Austin J Nutri Food Sci. 2016; 4(2): 1078.
Naeema Jan¹, Fouzia Shafi¹, Omar bin Hameed¹, Khalid Muzaffar², Shuaib Mohammad Dar², Ishrat Majid² and Nayik GA²*
¹Division of Post Harvest Technology, SKUAST-Kashmir, India
²Department of Food Engineering & Technology, SLIET, Punjab, India
*Corresponding author: Nayik GA, Department of Food Engineering & Technology, SLIET, Punjab, India
Received: March 03, 2016; Accepted: June 01, 2016; Published: June 07, 2016
Edible vaccines offer cost-effective, easily administrable, storable and widely acceptable as bio friendly particularly in developing countries. Oral administration of edible vaccines proves to be promising agents for reducing the incidence of various diseases like hepatitis and diarrhea especially in the developing world, which face the problem of storing and administering vaccines. Edible vaccines are obtained by incorporating a particular gene of interest into the plant, which produces the desirable encoded protein. Edible vaccines are specific to provide mucosal activity along with systemic immunity. Various foods that are used as alternative agents for injectable vaccines include cereals (wheat, rice, corn) fruits (bananas) and vegetables (lettuce, potatoes, tomatoes). Thus, edible vaccines overcome all the problems associated with traditional vaccines and prove to be best substitutes to traditional vaccines.
Keywords: Edible vaccines; Transgenic plant; Traditional vaccines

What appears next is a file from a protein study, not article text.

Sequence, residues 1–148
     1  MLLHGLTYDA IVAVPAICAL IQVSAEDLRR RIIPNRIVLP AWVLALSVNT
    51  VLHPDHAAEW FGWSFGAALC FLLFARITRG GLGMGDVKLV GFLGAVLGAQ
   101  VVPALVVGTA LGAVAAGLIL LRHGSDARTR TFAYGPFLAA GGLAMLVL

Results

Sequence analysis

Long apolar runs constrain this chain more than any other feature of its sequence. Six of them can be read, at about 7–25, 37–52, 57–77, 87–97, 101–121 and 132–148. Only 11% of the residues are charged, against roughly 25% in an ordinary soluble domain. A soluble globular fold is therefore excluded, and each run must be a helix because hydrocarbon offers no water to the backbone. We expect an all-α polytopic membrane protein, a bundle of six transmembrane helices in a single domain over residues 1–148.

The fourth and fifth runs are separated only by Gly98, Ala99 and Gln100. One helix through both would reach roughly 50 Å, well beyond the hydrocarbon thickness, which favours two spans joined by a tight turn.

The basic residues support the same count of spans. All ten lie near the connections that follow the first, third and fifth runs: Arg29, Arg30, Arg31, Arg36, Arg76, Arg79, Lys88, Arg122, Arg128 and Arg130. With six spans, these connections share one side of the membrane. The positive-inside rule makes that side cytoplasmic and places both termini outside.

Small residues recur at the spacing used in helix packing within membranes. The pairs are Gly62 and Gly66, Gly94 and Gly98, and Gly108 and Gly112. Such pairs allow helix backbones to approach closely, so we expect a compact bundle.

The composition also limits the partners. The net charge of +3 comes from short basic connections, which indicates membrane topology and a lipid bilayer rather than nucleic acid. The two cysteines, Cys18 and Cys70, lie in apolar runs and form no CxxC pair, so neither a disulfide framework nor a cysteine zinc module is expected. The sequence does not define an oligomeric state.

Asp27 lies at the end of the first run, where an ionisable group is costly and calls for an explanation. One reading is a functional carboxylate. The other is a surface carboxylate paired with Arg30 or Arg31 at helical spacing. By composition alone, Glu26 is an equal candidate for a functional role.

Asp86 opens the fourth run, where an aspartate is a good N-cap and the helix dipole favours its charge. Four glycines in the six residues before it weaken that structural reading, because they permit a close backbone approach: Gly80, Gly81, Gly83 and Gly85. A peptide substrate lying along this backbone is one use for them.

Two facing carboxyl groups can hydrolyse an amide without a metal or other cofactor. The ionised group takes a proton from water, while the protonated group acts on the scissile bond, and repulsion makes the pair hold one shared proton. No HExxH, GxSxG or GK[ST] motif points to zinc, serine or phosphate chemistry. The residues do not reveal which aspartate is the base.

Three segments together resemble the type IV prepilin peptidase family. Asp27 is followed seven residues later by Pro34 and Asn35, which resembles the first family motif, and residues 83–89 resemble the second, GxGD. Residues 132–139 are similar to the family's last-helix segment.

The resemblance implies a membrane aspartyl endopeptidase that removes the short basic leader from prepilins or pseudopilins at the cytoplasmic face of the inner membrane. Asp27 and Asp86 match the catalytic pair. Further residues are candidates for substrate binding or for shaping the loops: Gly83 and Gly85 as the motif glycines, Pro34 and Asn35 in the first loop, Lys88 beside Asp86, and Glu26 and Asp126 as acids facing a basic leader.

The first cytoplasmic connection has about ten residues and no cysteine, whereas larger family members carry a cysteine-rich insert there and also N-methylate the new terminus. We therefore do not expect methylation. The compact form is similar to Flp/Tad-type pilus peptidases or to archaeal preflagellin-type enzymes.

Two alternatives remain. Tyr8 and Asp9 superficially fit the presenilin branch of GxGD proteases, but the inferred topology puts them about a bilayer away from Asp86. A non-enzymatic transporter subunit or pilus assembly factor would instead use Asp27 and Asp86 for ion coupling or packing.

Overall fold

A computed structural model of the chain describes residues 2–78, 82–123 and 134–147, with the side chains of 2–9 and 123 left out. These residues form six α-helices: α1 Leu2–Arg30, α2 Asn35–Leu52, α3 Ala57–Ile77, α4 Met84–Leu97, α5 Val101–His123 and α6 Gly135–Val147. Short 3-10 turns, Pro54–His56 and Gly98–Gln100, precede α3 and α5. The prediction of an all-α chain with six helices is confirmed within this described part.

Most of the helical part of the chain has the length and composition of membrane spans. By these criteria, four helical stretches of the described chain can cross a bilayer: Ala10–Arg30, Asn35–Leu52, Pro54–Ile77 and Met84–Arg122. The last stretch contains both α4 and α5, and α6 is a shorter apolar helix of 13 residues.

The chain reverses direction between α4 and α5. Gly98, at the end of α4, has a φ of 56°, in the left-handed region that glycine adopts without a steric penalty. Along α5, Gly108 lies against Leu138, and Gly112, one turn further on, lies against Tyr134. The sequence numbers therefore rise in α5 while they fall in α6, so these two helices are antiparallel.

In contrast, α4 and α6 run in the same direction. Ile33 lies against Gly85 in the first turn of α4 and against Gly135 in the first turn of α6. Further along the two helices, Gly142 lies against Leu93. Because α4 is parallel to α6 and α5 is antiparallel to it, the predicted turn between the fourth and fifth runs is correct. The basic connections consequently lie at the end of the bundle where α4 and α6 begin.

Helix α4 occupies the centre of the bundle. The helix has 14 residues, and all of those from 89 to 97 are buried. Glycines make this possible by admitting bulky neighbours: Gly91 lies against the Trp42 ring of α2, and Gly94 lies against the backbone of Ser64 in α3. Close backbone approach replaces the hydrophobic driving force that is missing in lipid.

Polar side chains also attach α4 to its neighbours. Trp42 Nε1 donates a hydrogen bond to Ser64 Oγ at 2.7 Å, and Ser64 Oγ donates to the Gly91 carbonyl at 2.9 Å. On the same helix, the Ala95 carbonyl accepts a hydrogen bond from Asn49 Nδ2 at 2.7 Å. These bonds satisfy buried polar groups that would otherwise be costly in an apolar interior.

Vaccines have proved to be boon for the prevention of infectious diseases. In spite of the global immunization programme for children against the six devastating diseases, 20% of infants still remain unimmunized which lead to approximately two million unnecessary deaths per annum, particularly in the far flung and poor parts of the world . This is because of the limitations on vaccine production, distribution and delivery. This problem needs to resolve in order to prevent the spread of infections and epidemics by un-immunized populations in the immunized, safe areas . Immunization for certain infectious diseases, either do not exist or they are unreliable or very expensive like; immunization via DNA vaccines is substitute but is an expensive method, along with some undesirable immune responses. Besides being expensive, these vaccines pose the problem of storage and transportation, as many of them require refrigeration. Hence, there is search for easily administrable, storable, fail-safe and widely acceptable bio friendly vaccines and their delivery systems especially in developing countries. Therefore, as substitutes have to be produced for traditional vaccines, it was envisaged that plants could be promising agents for efficient production system for vaccines, which in turn gave rise to the novel concept of edible vaccines.